This anthology is indeed a very interesting book about a hot topic today. The book is mostly a presentation of the legal situation in a comparative perspective. More material on the ethics and legal philosophy of whistleblowing could have improved the book. Nevertheless, the book is an important compilation of material about legislations on whistleblowing. After reading the book, the reader gets a good understanding of the complexity and differences of whistleblowing legislations. In fact, the protection of the whistleblower is not very great in many countries. We see how state interests and corporate protection of their internal information often prevail over the protection of the human rights and the freedom of expression of individuals. With such legislations, it can be argued that it is very dangerous to become a whistleblower and that the legal protection of whistleblowers needs to be improved. Without it, state and corporate power over citizens and employees becomes absolute. The book is a very strong contribution to the clarification of the importance of whistleblowing and it can spur more legal debate, better legislation and deeper jurisprudence and scholarship in the field.

Whistleblowing as Employee’s Freedom of Speech. Günther Wallraff’s authorship as an illustrative case

Thematic scope

We base our understanding of whistleblowing understood as employees’ freedom of speech on the corresponding definition of freedom of speech given by the Norwegian Commission on freedom of Speech (1999). We use the definition partly in order to articulate the transition in Scandinavia in the use of words to designate what whistleblowing is. The transition the two last decades goes from negative words as “leaking” and “..” to positive words; employee’s freedom of speech.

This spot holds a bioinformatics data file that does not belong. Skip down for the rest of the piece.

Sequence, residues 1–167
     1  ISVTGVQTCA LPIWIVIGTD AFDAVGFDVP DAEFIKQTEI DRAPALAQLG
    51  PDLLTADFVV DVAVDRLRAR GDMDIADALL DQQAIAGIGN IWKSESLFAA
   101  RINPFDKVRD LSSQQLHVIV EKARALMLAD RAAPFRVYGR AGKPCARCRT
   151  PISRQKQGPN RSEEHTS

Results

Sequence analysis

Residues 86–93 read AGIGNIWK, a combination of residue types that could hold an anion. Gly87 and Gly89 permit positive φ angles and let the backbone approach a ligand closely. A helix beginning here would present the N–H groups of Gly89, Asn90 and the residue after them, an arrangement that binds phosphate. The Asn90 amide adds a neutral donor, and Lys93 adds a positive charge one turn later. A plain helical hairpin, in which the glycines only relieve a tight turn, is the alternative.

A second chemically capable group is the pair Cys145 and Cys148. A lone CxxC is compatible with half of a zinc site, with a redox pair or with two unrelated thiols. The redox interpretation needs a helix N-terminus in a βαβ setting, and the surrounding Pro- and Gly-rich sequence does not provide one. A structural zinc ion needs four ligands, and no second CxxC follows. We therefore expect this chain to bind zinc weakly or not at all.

This chronology of words tries apparently to capture that whistleblowing belongs to the core values of democracy. a. The search for truth as a process between fallible rational agents trying to support each other in the search for a “cleaner” truth, b. the construction of independent assumptions based on the civilizing process of higher education, and c. the open debate, often formed as a “pillory”, based on free access to relevant information (Alm, Brown & Røyseng 2016)

Günther Wallraff’s authorship is specifically useful as vehicle in such a discussion and interpretation of whistleblowing as employee’s freedom of speech, because he was continuously able to play fictitious roles as an employee who practiced this democratic value, roles which gave him privileged access to sensitive information. Even if he came as an outsider and used fictitious identities, this type of whistleblowing practice is indisputable. The fictitious dimension in his identity meant that his co-workers and the management trusted him in ways which often gave him access to sensitive information he hadn’t had the possibility to collect otherwise.



Macro change

An important presupposition for the public recognition of Wallraff’s whistleblowing project might be the change caused by the fall of the Berlin -wall. The analogue view between the communist regimes in the east and the democratic regimes in the west that the counterpart was an enemy they couldn’t trust implied that both parts took their precautions as an expression of mistrust. The West-German public was deeply suspicious towards the radical student-movement in the 1970-ties, from time to time accusing the young Marxist for being communistic spies who intended to undermine the German democracy. This atmosphere might have contributed to a skepticism in parts of the public life when it comes to the reception of Wallraff’s whistleblowing-project, inspired by the radical student movement. Wallraff was accused by the Springer-system for being a spy in favor of the east-German regime. These accusations were considered untrue by the court, but serves however, as an illustrative example of the atmosphere he worked in.

But there might have be a change in the reception of his books after the fall of the wall to a more friendly, open and trustful attitude in the public life of West-Germany.  To which extent the deconstruction of the enemy-relationship between east and west contributed to a more positive reception of Wallraff’s whistle-blowing project is impossible to know in exact terms. But it seems highly probable that this change at the macro-level did contribute in that direction.